We need to care more about how our government spends
A story broke that United Conservative Party MLA Derek Fildebrandt rented out his taxpayer-subsidized apartment on AirBNB. Most people saw this as a wrong-doing by Fildebrandt, as they should. Fildebrandt made $2,555 from AirBnb, which he donated to Alberta’s debt after the income became controversy. Fildebrandt is especially hypocritical, since he used to look for very similar spending/double-dipping habits while at the Canadian Taxpayers Federation.
This is not a new story though, as frivolous spending happens often with politicians–and surely happens all the time with public-sector employees, though the media barely reports on it.
We really care about a few hundred or a few thousand bucks our politicians make through questionable decisions. And we really care if a politician gives him/herself a pay raise of several thousand a year. In fact, there is a large portion of our electorate who cast their ballots solely based on these issues.
I agree the abuse of power for a (oftentimes) small personal gain is wrong. It. Is. Wrong.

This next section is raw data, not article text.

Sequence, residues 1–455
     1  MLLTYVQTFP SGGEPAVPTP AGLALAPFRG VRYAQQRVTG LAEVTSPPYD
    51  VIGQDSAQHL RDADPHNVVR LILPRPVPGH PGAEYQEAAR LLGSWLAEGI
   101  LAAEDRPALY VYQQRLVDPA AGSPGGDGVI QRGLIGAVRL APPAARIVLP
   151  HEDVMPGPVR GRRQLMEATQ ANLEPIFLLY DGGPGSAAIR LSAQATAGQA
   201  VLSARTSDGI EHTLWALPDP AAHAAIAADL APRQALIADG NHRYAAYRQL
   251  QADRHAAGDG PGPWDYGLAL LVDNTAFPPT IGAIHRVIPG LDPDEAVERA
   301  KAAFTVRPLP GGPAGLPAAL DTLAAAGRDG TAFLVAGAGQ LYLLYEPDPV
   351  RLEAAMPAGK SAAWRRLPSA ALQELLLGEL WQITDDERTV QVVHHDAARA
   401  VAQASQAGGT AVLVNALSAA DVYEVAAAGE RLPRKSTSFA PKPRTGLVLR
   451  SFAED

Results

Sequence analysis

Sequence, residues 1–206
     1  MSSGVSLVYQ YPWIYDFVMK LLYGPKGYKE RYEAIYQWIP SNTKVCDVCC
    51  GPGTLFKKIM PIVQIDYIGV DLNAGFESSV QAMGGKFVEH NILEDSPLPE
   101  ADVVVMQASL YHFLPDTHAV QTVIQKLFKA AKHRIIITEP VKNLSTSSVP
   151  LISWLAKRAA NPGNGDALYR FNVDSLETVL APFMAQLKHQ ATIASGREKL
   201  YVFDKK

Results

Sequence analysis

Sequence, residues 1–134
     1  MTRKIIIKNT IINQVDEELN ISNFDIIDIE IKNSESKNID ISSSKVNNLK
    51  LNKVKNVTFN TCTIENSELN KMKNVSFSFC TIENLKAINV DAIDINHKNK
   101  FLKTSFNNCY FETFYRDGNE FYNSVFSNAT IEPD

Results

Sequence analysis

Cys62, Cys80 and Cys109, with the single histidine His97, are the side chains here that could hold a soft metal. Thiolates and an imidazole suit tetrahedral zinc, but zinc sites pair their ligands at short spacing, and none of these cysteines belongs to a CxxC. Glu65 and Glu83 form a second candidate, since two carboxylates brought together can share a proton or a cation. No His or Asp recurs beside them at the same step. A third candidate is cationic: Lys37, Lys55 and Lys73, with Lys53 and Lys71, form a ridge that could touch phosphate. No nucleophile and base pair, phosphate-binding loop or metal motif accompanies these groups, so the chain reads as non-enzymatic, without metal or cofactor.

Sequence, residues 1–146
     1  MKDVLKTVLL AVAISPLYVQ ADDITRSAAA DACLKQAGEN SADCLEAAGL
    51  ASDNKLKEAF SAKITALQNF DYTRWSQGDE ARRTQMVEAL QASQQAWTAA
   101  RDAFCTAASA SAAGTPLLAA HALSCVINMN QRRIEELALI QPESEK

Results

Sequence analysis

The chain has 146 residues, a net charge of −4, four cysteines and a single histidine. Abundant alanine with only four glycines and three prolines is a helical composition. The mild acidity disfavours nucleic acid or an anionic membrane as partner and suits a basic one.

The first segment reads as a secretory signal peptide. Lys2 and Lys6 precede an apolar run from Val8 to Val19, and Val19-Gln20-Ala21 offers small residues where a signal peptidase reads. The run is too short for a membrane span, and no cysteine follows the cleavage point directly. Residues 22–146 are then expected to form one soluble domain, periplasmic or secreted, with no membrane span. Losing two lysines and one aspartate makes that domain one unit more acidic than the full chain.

But we have got to stop sweating the small stuff–no matter the political stripe. We spend countless hours outraged over this and hardly any talking about our ballooning $50 billion+ debt. To us, $5,000>$50,000,000,000. These narratives are almost always pushed by lobby groups or politicians solely to score political points. And we actually buy into it. We are drinking their kool aid.
This year, Alberta’s NDP originally projected a $10 billion deficit–and even though revenues are coming in $1.5 billion higher than expected, they are still forecasting a $10 billion deficit. Is that not a huge deal? Where did the additional spending come from?
What about the provincial government recklessly (year after year) forecasting overly aggressive crude oil prices in their budget? Premier Redford forecasted $99/Bbl oil in 2012, and most recently Alberta’s NDP budget oil to reach over $18/bbl higher than strip prices for 2020. Their constant misses have added billions to the provincial debt each year. Is that not a big deal?
What about tougher regulations? Changes to the tax code? Unemployment?
A lot of people will read this column and immediately conclude that I’m just trying to focus people’s attention away from $2,555. To those people I say, ‘That’s exactly what I am trying to do because you don’t care nearly enough about way bigger problems! But keep drinking the kool aid if you prefer.’
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